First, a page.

Dutch housing market “biggest stability risk” to Netherlands; Central bank warns of hard Brexit
Imbalances on the Dutch housing market pose the "biggest stability risk" to the Netherlands, Dutch central bank DNB said in its latest Financial Stability Overview. The central bank also warned that a "disorderly Brexit" and the trade war between the United States and China can seriously damage economic growth.
The prices of houses in the Netherlands are still rising, albeit less rapidly than before, and the housing shortage continues. This makes it increasingly difficult for the average Dutch person to be able to afford a house.
According to DNB, the housing market has a great deal of influence on the Dutch economy. Over the past years the sharp price increases on the housing market gave the economic growth a major boost, while the price falls during the financial crisis exacerbated the economic downturn. "A possible new fall in house prices can have significant consequences for the Dutch economy and also for the Dutch banking system", DNB said.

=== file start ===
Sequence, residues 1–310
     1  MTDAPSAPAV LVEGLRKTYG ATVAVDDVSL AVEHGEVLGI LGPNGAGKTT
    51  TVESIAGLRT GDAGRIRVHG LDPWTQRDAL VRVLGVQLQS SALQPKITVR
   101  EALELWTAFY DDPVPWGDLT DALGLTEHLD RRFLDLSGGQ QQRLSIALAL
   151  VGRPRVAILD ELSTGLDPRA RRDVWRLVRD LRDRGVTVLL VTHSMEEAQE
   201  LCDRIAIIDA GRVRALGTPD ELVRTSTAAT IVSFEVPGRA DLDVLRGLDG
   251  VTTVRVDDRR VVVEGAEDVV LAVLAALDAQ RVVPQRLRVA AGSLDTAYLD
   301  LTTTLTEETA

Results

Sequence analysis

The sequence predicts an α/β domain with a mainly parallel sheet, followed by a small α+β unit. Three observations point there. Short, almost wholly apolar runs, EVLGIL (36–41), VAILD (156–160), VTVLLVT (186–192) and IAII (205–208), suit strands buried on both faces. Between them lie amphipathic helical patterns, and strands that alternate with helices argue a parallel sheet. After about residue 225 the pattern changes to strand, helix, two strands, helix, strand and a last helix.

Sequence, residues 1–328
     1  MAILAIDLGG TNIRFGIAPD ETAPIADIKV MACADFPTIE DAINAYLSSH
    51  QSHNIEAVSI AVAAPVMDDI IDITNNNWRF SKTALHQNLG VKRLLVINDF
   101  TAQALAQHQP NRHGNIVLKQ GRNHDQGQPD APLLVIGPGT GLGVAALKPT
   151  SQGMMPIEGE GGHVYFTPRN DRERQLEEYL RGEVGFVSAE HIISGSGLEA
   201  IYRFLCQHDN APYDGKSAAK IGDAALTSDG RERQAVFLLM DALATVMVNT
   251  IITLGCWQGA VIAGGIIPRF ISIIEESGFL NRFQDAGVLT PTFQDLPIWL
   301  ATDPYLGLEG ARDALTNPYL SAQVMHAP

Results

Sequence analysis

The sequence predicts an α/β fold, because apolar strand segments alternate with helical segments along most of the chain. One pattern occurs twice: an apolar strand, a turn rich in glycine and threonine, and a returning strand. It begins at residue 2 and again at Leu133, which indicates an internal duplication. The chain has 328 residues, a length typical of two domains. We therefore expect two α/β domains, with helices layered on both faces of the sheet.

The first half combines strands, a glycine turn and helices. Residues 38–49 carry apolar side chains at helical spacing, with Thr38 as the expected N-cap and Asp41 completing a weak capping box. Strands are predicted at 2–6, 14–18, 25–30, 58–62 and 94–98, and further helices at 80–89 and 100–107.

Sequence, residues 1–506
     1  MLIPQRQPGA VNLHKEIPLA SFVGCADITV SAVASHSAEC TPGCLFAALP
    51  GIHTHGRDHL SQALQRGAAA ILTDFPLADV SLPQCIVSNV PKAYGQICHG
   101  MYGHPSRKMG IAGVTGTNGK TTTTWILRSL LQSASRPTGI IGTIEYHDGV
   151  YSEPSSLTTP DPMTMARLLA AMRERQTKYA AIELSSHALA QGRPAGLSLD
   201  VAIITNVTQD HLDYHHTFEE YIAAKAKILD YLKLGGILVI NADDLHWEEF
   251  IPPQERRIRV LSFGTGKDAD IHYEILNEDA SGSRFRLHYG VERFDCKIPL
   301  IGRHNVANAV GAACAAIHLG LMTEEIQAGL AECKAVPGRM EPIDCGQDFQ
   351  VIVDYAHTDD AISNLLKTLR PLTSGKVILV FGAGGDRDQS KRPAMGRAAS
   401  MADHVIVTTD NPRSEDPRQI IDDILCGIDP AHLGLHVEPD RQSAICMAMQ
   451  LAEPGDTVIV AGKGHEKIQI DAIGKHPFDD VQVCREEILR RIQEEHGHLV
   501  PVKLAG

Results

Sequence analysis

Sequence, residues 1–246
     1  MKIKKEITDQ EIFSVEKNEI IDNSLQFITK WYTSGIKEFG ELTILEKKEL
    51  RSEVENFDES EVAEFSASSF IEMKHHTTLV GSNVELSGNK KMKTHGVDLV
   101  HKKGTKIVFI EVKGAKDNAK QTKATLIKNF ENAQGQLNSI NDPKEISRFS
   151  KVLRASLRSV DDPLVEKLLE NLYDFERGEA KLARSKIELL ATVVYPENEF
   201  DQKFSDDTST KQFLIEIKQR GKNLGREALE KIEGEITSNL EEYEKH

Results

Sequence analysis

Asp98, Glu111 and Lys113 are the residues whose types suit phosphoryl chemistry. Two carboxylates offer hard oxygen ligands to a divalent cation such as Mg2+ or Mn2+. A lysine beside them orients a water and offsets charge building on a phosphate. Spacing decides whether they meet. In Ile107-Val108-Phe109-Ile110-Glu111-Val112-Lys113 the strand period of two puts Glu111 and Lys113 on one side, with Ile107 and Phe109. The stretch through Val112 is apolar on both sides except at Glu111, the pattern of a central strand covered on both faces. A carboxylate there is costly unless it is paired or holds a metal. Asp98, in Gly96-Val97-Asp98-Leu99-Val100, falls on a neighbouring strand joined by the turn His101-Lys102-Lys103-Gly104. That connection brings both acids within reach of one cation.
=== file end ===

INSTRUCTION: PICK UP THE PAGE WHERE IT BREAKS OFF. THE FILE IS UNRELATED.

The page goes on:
The risk to global financial stability is increasing due to low interest rates and ample liquidity ratios, the bank said. The financial markets are developing exuberantly and there is no incentive to reduce debts - which can cause a bubble and jeopardize financial stability if the sentiment changes.
Globally, debts are at a high level. The joint debts of households, non-financial corporations and governments stood at 230 percent of GDP in the third quarter of last year. At the end o 2005, they were around 200 percent. The stock markets have now largely recovered from the fall in prices late last year, which means that concerns about overvaluations and the risk of market reversal remain high, DNB said.
"Against this background, a sharp correction on the financial markets poses a risk to current financial stability." According to DNB, such a market shift can be triggered by an unexpected adjustment of monetary policy or by a major crisis in a large country. The Dutch central bank referred to the trade war between the US and China, a hard Brexit, and the fragile economic and budgetary situation in Italy as potential triggers.